• Senate Finance Committee Unanimously Approves Doug McKalip for USTR’s Chief Agricultural Negotiator: By a vote of 27-0, the United States Senate Finance Committee unanimously approved Doug McKalip’s nomination to serve as the USTR’s Chief Agricultural Negotiator. McKalip’s nomination now heads to the full Senate for confirmation. (USTR, 9/7)
  • USTR Ambassador Tai Meets with Korea’s Minister for Trade Ahn Dukgeun: USTR Ambassador Katherine Tai met with Korea’s Minister for Trade Ahn Dukgeun ahead of the first in-person Ministerial meeting in Los Angeles, CA. The ministers discussed a host of trade challenges related to supply chains and environmental protection efforts. They also noted the importance of strengthened partnership and cooperation in APEC and G-20. (USTR, 9/7)

Spotlight on Enforcement

(If you only focus on one enforcement issue this month, it should be this one.)

In early September, U.S. Trade Representative Katherine Tai and Commerce Secretary Gina Raimondo hosted the first in-person ministerial meeting for the Indo-Pacific Economic Framework (IPEF), a prospective trade bloc that will encompass 14 nations accounting for 40% of the global economy.

After two days of talks, they announced negotiation objectives grouped into four pillars: Trade, Supply Chain, Clean Economy, and Fair Economy. However, the Biden-Harris administration has indicated that it will not seek to include market access provisions — such as reduced or zero-tariff commerce — in the trade pillar.

This omission will severely limit the scope and enforceability of the IPEF. Offering tariff concessions would entice countries to accept robust intellectual property protections and other provisions that benefit American companies and workers. It would also provide a useful cudgel to deter potential violations down the line.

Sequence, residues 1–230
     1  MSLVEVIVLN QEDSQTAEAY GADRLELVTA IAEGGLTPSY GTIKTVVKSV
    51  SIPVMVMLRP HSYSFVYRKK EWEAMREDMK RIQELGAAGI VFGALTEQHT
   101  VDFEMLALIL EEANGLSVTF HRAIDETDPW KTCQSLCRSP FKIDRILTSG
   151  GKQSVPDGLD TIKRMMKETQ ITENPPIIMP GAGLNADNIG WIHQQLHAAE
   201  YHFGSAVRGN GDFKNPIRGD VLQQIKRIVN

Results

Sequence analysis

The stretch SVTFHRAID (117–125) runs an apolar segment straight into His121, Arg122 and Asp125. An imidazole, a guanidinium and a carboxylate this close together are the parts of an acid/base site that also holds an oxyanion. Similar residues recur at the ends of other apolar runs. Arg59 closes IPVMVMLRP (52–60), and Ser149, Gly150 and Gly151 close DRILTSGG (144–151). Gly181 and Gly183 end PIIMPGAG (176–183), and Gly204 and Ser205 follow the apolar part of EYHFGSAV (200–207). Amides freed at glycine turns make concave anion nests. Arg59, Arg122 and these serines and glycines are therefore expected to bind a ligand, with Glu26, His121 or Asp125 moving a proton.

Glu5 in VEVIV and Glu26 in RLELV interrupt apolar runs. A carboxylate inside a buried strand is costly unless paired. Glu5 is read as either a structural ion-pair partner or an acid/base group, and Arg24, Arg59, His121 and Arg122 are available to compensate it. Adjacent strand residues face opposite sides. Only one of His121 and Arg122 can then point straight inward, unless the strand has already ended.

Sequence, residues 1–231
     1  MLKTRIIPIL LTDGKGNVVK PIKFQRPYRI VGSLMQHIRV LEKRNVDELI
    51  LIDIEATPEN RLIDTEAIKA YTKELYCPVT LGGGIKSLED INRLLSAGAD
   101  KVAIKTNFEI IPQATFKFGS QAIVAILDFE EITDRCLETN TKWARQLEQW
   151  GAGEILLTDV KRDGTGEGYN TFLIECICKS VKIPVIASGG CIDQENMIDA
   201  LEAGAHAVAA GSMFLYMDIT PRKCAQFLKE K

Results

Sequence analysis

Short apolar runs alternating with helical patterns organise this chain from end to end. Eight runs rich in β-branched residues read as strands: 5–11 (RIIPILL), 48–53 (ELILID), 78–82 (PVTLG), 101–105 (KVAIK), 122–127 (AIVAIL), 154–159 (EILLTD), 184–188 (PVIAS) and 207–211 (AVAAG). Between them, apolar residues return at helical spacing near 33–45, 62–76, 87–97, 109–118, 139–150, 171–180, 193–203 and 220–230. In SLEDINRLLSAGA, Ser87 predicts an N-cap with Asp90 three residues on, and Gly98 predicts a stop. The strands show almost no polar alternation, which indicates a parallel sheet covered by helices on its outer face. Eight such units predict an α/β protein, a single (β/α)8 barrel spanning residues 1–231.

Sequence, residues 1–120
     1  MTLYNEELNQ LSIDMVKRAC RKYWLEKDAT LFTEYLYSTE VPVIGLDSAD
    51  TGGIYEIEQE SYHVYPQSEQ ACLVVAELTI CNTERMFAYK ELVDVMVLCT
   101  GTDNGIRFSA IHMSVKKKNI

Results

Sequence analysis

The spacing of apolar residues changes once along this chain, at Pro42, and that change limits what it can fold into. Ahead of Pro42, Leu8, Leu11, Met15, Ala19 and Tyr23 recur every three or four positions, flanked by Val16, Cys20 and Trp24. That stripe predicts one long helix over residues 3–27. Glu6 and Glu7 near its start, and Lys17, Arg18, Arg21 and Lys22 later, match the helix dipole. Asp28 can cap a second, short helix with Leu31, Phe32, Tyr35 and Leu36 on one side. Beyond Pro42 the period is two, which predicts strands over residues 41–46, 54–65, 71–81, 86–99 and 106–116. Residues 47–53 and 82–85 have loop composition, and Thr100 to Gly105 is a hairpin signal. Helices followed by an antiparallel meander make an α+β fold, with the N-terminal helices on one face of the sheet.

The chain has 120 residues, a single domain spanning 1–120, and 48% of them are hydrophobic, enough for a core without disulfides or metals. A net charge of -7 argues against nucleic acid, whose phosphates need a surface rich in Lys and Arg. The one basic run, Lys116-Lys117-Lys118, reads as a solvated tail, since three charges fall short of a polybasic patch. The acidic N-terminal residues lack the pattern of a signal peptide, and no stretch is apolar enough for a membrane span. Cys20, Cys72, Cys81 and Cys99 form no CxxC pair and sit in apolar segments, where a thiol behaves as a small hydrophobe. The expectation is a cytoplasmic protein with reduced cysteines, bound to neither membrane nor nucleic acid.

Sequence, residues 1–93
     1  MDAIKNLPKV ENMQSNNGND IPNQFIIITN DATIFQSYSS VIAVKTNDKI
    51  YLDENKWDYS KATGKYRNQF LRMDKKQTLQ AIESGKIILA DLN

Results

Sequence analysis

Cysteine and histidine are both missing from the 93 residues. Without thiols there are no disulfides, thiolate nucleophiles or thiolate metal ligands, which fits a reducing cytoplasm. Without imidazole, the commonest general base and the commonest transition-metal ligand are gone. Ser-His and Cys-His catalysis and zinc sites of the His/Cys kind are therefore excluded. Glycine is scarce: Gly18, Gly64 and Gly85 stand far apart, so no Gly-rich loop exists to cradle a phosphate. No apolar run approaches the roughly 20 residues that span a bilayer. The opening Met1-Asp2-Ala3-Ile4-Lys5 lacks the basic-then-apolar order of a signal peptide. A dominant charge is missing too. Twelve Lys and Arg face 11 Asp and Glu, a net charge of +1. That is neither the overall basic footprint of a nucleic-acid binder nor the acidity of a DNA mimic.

Like any trade agreement, IPEF will only succeed if the parties consider themselves bound by its provisions and have an effective means of settling disagreements.

Such dispute resolution frameworks could take several forms. The most prominent model is the World Trade Organization’s dispute settlement process, which is based on detailed rules, agreed upon by the members in advance, and carried out by objective decision-makers through transparent procedures. Since 1995, over 600 disputes have been brought to the WTO and over 350 rulings have been issued. Importantly, the WTO agreements have “teeth.” If a panel determines that a member state is failing to comply with the terms of an agreement and has not withdrawn the offending measure, complaining members may retaliate against the member by withholding benefits (typically in the form of increased tariffs).

The United States-Mexico-Canada Agreement also offers a successful model. Though the agreement has only been in force for two years, the dispute resolution process appears to be functioning effectively and seems to have buy-in from the three parties, which have each participated in state-to-state disputes under the new procedures.

The success of the IPEF will likely rest on its enforcement mechanisms. AFTE strongly recommends the adoption of market access commitments, which will allow the parties to implement a dispute resolution process with actionable penalties.